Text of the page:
Hope that discovery can lead to development of new treatments
Rather than spreading like a cancer from a single source, toxic clumps of protein slowly accumulate in multiple areas of the brain at the same time, researchers from the University of Cambridge found.
Forming over a number of years, these clusters – known as aggregates – cause cells to die and the brain to shrink, resulting in memory loss, personality changes and difficulty carrying out daily functions.
The research, published in the journal Science Advances, shows that the rate of progression in Alzheimer’s disease is shaped by the replication of aggregates in individual regions of the brain, and not the spread of aggregates from one region to another.
How quickly these clusters then kill the brain’s cells determines the overall speed of deterioration in brain functioning.
Two types of protein – called tau and amyloid-beta – clump together to form the aggregates. The scientists used post-mortem brain samples, as well as scans from living patients, including those with mild cognitive impairment and those with late-stage disease, to track the aggregation of tau.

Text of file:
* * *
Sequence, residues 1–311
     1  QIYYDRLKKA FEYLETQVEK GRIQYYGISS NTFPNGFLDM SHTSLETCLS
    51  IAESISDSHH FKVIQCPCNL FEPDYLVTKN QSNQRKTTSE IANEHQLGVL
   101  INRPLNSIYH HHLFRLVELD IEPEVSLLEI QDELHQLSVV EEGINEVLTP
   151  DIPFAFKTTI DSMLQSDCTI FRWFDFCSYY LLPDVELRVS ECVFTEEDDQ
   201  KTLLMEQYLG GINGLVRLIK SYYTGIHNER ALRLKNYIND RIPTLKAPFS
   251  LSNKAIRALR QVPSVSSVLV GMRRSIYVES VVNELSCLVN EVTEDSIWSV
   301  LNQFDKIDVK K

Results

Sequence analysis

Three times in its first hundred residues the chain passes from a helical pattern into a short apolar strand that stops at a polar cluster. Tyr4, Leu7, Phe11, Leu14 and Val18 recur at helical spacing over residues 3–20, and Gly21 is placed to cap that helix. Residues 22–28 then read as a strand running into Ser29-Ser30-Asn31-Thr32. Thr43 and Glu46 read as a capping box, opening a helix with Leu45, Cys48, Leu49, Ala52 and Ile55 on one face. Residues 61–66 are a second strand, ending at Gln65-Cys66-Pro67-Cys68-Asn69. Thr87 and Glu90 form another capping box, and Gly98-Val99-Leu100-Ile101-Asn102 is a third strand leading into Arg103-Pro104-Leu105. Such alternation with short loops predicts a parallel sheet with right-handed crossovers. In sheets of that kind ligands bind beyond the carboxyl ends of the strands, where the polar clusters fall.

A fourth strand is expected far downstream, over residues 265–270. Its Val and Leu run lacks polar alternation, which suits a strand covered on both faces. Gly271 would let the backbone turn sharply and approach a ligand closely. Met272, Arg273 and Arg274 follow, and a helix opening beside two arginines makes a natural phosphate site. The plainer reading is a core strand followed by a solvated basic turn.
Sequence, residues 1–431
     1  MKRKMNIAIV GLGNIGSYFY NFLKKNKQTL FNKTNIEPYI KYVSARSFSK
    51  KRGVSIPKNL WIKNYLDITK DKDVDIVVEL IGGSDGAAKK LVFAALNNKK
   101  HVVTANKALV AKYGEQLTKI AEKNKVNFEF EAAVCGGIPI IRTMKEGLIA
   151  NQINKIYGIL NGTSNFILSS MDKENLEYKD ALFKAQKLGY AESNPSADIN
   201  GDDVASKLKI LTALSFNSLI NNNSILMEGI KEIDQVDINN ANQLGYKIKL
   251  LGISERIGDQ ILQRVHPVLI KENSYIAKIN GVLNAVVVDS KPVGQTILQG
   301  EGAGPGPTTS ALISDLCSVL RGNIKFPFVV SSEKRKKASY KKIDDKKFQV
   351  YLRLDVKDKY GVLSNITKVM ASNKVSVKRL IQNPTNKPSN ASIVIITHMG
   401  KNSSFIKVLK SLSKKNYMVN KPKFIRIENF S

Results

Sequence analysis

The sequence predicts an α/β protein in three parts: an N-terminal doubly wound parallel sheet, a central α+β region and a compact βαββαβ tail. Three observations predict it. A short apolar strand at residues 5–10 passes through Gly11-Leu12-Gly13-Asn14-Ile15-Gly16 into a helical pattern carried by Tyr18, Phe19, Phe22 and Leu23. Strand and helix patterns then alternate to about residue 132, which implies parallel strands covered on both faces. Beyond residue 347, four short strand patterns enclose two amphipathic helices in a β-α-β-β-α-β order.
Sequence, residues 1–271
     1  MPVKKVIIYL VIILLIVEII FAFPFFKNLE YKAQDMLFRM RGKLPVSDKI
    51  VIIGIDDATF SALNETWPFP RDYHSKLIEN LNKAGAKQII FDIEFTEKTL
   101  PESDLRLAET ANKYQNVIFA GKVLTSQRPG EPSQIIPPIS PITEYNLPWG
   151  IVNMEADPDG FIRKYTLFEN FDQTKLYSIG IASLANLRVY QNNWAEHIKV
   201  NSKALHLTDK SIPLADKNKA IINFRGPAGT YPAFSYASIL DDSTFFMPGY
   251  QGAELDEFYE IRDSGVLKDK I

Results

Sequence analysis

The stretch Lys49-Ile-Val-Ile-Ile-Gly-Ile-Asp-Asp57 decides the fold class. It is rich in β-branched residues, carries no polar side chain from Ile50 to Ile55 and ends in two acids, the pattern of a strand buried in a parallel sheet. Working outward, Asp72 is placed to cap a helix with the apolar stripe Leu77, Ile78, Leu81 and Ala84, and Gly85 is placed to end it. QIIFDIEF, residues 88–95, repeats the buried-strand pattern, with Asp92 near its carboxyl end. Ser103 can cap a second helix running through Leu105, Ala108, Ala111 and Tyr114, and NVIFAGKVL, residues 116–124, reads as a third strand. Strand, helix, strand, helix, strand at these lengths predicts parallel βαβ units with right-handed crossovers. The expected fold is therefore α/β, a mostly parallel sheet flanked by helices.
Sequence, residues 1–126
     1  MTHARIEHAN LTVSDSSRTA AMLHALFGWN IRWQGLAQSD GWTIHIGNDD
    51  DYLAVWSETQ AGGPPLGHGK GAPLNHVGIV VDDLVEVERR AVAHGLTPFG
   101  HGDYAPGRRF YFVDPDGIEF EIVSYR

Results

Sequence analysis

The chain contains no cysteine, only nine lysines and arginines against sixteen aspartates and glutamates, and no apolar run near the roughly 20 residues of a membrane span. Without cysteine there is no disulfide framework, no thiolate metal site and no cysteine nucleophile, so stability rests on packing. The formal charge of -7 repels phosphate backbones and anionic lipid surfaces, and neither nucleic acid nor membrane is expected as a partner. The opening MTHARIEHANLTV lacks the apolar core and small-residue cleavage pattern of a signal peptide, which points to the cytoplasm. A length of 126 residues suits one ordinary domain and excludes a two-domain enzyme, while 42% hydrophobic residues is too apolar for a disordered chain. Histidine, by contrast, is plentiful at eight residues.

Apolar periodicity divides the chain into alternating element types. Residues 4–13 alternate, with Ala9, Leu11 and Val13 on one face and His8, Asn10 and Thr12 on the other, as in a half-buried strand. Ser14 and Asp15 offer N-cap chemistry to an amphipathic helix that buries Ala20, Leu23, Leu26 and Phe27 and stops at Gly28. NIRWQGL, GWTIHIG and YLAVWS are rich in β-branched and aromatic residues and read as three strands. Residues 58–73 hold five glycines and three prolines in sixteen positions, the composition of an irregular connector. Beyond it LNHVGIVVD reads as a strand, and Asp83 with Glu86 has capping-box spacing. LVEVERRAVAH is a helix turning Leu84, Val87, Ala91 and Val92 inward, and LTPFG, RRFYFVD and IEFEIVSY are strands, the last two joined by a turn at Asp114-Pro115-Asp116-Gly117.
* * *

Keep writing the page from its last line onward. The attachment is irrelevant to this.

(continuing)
They found that the replication of tau aggregates is surprisingly slow – taking up to five years.
“Neurons are surprisingly good at stopping aggregates from forming, but we need to find ways to make them even better if we’re going to develop an effective treatment,” said co-author Professor Sir David Klenerman, from the UK Dementia Research Institute at the University of Cambridge.
The researchers say their findings could be used to help the development of treatments for Alzheimer’s disease, which affects an estimated 44 million people worldwide, by targeting the most important processes that occur when humans develop the disease.
“The key discovery is that stopping the replication of aggregates rather than their propagation is going to be more effective at the stages of the disease that we studied,” said co-senior author Professor Tuomas Knowles, from Cambridge’s Yusuf Hamied Department of Chemistry.
The researchers are now planning to look at the earlier processes in the development of Alzheimer’s, and extend the studies to other brain diseases where the replication of tau aggregates plays a key role in progressing the condition.
Commenting on the study, Dr Sara Imarisio, head of research at Alzheimer’s Research UK, sa: “Hopefully this study and others like it will help focus the development of future treatments that target tau, so any future treatments have a better chance of slowing the disease processes themselves and have benefit for people with dementia.”